The European Central Bank left interest rates unchanged at 4 percent. Although the Euro initially sold off on the back of this announcement, it recovered quickly following ECB President Trichet’s press conference. Despite repeated attempts by reporters to get him to address the level of the Euro or its impact on the economy, Trichet said point blank that he is not going to comment on the currency. Instead, the only things that he is willing to say are that it is important to exercise verbal discipline on exchange rates, exchange rate volatility is very counterproductive and he would appreciate a US position on the strong dollar. What he was very explicit about was the risks to inflation. The ECB believes that inflation will remain above their 2 percent target well into next year. Many could argue that Trichet has moved the ECB closer to neutral by reminding traders that he did not say monetary policy was accommodative and on balance, the risk to growth is to the downside. However the fact that he refused to comment on the exchange rate meant that he is not worried the current level. For currency traders, this was a green light for a move back towards the all time high of 1.4282.
British Pound Rallies After BoE Rate Decision[/B]

Although the Bank of England also left interest rates unchanged, the British pound actually rallied on the back of announcement because the BoE failed to release another statement accompanying their decision. The last 2 times they issued an uncharacteristic statement while leaving interest rates unchanged, they followed up with an interest rate cut the next month. This led many people to believe that the BoE could surprise the markets with an interest rate cut or at least another statement to downplay any hawkish ramifications of leaving interest rates unchanged. However they did neither of this, which proved to be a big disappointment for anyone short the British pound. As a result, the pound was taken higher even though many traders still expect a rate cut to be the central bank’s next move.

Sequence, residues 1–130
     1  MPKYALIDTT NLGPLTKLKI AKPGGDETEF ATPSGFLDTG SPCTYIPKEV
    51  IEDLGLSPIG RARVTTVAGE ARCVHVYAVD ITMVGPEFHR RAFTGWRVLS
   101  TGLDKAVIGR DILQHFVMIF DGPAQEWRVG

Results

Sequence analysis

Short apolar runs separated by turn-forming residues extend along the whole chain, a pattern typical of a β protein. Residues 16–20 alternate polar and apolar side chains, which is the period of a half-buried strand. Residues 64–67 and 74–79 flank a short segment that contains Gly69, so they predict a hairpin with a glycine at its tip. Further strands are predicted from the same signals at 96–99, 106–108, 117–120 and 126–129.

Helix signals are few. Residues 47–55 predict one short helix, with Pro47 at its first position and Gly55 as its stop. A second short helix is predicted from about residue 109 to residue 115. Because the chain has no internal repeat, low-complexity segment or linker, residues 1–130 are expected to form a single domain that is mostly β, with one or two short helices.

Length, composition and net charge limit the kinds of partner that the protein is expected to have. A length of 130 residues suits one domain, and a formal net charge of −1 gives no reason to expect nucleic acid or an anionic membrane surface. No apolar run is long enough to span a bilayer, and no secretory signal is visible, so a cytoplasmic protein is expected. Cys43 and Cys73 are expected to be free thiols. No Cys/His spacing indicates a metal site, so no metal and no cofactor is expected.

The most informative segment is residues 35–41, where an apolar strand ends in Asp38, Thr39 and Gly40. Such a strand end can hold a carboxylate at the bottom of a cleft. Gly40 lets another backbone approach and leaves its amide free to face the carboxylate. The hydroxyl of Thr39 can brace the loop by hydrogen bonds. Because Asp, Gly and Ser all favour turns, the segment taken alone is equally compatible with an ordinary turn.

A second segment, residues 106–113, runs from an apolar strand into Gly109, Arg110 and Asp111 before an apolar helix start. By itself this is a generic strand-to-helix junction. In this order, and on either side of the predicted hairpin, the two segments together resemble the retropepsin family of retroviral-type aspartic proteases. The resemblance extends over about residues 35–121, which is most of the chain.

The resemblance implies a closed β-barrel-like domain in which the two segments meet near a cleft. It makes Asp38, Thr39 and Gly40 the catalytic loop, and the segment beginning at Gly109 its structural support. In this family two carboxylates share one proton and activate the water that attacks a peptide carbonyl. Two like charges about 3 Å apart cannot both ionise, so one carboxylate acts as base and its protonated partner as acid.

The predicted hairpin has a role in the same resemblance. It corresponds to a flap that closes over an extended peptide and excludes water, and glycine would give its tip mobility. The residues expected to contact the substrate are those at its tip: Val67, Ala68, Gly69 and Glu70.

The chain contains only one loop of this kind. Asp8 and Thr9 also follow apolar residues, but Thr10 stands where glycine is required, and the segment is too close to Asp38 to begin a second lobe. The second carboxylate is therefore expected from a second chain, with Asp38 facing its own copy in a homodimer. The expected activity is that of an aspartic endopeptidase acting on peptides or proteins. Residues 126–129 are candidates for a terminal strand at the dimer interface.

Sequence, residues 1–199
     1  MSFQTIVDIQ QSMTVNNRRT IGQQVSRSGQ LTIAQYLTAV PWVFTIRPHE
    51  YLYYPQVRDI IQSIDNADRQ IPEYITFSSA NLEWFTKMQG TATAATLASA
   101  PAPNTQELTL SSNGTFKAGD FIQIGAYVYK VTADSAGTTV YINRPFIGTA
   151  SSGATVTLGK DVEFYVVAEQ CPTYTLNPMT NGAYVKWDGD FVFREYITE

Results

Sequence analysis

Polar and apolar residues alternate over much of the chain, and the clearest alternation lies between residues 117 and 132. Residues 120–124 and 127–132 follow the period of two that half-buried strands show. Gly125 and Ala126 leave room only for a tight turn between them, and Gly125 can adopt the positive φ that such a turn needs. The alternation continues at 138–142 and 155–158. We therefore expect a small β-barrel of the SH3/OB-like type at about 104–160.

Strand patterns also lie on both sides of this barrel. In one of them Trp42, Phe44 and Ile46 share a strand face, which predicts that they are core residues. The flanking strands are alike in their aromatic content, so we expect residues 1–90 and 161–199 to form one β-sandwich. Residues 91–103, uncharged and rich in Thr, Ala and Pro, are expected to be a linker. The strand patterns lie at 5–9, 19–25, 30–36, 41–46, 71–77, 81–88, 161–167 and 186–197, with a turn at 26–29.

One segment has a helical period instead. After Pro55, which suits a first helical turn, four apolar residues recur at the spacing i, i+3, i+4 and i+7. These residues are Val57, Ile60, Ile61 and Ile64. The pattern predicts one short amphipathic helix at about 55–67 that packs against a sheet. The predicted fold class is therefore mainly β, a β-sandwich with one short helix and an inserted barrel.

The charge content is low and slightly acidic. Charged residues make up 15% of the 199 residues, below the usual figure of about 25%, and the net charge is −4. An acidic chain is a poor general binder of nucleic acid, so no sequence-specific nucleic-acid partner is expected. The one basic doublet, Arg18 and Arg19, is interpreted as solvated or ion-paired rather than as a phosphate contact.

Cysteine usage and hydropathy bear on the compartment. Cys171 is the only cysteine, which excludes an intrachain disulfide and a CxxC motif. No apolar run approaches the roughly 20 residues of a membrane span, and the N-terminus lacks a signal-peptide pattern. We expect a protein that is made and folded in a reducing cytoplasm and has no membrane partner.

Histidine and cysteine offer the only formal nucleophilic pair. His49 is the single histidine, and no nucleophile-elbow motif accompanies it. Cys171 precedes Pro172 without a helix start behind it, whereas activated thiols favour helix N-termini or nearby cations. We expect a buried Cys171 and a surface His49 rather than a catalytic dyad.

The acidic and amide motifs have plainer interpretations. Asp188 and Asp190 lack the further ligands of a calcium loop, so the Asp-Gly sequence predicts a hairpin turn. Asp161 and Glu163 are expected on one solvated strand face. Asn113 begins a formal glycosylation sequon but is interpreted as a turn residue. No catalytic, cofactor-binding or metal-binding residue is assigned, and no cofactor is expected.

[B]What About Canadian Employment?[/B]

Even though most traders will be focused on the US non-farm payrolls report tomorrow, with the Canadian dollar hovering near its 31 year highs, Canada’s employment report will be important as well. The market is currently looking for stronger payroll growth, but the employment component of the September IVEY PMI report suggests otherwise. The IVEY dropped from 58.5 to 56, but the employment component fell to the lowest level since February. In the past, the IVEY has done a good job of forecasting Canadian employment, which is why tomorrow’s number could help trigger gains in USD/CAD. The Australian and New Zealand dollars also performed very well today. Both pairs are up strongly thanks to a jump in commodity prices and stronger Australian service sector PMI. The Australian economy is doing well, fueling speculation for another rate hike.

[B]Japanese Yen Crosses Hold Near Highs[/B]

Japanese Yen crosses stabilized near their monthly highs as the Dow waits for more direction from tomorrow’s non-farm payrolls report. The only piece of economic data to be released from Japan tonight is leading indicators, which are expected to drop materially. There was an article in the Financial Times today that talked about the deflationary impact of the cell phone price war in Japan. Since February, consumer prices have hovered near zero, giving the Bank of Japan little flexibility to raise interest rates. With the cell phone war, the central bank will have even more difficult time justifying a rate hike.